Intravenous Immunoglobulin (IVIG) is a product made from antibodies collected from the plasma of healthy individuals. The antibodies are proteins that help fight infections and are part of the blood's plasma. The plasma is collected from 10,000 to 50,000 individuals with normal immune systems and is then given intravenously through a vein to help strengthen the recipient's immune system and fight infections. IVIG is used in multiple conditions, including immune deficiencies, autoimmune diseases, and some neurological conditions. IVIG can be administered intravenously, subcutaneously, or intramuscularly. For myeloma patients, IVIG is usually administered every three to four weeks at a dose of 0.4 grams per kilogram. The frequency of IVIG administration may vary based on the individual's steady state levels of immunoglobulin. Learn more in depth in the video below!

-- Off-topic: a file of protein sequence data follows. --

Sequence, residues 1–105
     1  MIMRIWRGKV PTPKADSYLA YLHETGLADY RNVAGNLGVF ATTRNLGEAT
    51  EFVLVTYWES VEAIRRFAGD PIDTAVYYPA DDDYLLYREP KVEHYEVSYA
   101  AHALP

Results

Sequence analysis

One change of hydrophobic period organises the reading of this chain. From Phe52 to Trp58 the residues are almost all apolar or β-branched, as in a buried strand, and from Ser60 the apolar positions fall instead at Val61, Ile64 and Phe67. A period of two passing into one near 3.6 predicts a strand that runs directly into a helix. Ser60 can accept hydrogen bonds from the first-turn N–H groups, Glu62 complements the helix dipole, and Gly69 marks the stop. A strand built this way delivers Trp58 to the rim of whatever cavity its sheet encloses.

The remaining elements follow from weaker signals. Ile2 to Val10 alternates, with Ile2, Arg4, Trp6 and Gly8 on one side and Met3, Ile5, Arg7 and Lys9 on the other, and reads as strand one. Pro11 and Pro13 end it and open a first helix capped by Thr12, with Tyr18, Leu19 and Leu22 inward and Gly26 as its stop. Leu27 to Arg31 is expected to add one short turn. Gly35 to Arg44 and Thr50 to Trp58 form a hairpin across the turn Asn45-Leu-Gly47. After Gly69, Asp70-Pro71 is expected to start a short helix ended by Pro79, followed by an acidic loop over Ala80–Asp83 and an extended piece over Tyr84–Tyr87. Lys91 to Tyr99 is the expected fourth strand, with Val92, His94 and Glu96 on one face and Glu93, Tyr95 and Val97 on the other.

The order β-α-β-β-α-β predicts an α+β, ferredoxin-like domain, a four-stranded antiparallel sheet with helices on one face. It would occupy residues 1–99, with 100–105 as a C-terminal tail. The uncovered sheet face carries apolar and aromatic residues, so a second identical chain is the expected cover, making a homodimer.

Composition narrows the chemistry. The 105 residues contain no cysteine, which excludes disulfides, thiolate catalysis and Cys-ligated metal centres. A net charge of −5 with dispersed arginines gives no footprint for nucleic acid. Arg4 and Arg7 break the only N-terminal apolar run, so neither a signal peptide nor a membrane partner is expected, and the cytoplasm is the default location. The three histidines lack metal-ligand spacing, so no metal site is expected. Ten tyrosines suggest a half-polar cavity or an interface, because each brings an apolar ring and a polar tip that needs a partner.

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about the author
Cynthia Chmielewski is a professional educator and myeloma advocate. As a former teacher, she now teaches myeloma patients how to advocate for themselves as the Director of HealthTree University.